In the past, I probably would have forgiven him right away, not wanting to be alone over the holidays myself. Of course, the end result would be me burning my hand in the fire in front of me that I chose to ignore in the first place.

That’s a tough thing to admit.

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5 Comments

  1. Great post. Sorry that you had to experience a non-sorry from someone and were left to try to figure it all out. And good for you for being able to let it go.

  2. Shawn Mullin says:

    Hey I’m glad my post inspired that post. I agree in saying that it’s not that you don’t _mean_ it when you say it. It’s just that maybe sorry accepts blame when you don’t intend to, right?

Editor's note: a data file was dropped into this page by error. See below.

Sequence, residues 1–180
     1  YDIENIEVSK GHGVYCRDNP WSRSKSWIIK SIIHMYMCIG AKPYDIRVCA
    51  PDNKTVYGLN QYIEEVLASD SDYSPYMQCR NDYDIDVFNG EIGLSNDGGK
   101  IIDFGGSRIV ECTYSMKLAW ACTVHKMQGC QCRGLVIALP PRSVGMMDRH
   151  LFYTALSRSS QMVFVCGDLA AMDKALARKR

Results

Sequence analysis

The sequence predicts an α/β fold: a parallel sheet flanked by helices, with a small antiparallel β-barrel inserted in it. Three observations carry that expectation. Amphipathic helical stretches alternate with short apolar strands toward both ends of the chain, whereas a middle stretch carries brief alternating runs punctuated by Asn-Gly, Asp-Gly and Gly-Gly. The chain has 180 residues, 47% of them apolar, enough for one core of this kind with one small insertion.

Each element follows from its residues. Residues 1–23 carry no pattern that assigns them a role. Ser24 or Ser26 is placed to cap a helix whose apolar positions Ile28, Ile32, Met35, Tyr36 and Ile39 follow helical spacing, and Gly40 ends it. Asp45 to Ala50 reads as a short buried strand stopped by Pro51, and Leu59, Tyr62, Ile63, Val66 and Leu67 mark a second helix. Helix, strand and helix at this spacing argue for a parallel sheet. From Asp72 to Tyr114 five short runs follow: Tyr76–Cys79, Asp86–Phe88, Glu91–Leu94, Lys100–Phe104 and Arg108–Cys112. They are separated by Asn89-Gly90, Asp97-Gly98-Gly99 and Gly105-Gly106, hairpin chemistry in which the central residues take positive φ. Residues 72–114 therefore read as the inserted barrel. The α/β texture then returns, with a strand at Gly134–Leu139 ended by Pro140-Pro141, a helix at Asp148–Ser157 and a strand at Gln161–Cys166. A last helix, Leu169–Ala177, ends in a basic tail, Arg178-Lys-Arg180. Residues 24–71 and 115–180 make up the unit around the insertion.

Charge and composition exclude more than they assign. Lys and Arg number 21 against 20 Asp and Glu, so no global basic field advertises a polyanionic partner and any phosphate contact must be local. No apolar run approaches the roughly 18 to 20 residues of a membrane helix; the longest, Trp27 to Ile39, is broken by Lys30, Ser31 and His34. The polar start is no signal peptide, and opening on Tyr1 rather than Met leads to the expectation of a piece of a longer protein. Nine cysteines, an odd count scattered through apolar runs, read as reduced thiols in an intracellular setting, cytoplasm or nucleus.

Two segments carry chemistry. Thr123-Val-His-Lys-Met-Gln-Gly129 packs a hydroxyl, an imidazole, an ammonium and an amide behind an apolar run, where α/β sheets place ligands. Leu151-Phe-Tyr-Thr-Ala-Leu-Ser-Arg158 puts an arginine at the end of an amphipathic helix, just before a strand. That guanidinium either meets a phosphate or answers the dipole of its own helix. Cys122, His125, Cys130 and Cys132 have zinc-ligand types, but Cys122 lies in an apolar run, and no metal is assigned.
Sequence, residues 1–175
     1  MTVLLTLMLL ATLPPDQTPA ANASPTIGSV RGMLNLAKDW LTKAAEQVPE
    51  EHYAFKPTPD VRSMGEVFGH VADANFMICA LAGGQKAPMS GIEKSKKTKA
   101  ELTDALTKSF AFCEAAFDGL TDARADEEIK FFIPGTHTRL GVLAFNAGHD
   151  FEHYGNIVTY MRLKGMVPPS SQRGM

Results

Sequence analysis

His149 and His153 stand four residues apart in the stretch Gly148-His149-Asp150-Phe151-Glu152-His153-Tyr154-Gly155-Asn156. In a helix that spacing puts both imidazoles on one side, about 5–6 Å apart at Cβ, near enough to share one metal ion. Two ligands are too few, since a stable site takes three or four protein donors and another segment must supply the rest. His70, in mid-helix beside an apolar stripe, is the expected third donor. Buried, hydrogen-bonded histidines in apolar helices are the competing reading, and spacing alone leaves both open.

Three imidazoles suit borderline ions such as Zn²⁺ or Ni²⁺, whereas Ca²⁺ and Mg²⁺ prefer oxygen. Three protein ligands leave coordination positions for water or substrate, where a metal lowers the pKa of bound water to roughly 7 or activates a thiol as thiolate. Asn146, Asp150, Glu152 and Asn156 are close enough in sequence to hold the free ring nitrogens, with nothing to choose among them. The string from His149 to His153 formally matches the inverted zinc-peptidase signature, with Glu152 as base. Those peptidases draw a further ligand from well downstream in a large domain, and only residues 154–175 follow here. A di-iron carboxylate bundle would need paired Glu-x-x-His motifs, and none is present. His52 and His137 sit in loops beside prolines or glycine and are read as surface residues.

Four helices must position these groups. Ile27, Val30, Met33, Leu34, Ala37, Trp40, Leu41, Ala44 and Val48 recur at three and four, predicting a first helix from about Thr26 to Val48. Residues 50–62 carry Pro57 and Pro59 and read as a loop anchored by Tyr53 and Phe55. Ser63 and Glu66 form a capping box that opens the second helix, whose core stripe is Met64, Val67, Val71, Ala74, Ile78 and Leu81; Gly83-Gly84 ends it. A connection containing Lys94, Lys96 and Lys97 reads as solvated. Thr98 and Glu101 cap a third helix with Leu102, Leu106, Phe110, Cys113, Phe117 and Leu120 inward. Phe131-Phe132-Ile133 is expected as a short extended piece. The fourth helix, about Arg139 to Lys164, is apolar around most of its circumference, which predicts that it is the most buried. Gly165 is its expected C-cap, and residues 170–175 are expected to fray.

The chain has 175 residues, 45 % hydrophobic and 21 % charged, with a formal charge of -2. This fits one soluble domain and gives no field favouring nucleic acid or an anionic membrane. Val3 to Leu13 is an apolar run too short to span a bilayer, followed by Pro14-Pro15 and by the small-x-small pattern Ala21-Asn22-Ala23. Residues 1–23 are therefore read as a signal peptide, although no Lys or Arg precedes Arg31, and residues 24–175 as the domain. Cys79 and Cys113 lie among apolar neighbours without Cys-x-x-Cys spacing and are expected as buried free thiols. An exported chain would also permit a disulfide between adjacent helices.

3. @Mullin
    Aside from a case of relaying sympathy to someone, saying sorry should impart your regret and accept responsibility for that which you have done. If it wasn’t your fault, don’t accept the blame. That’s why you should never say sorry unless you mean it. If you don’t mean it (because you didn’t do it or had little control over it or could not foresee it happening or you lost it, etc), don’t say sorry.

  4. @BeachMama
    Thanks chicka.

  5. Great post. I was like you — I would forgive just for the sake of being coupled, and I would get badly burned. But like you, I started to realize I couldn’t do that anymore and it’s made my life so much better.
    I also agree with all the stuff on saying sorry. It’s a habit of mine–saying sorry when I shouldn’t–but it’s one I’m slowly trying to break 🙂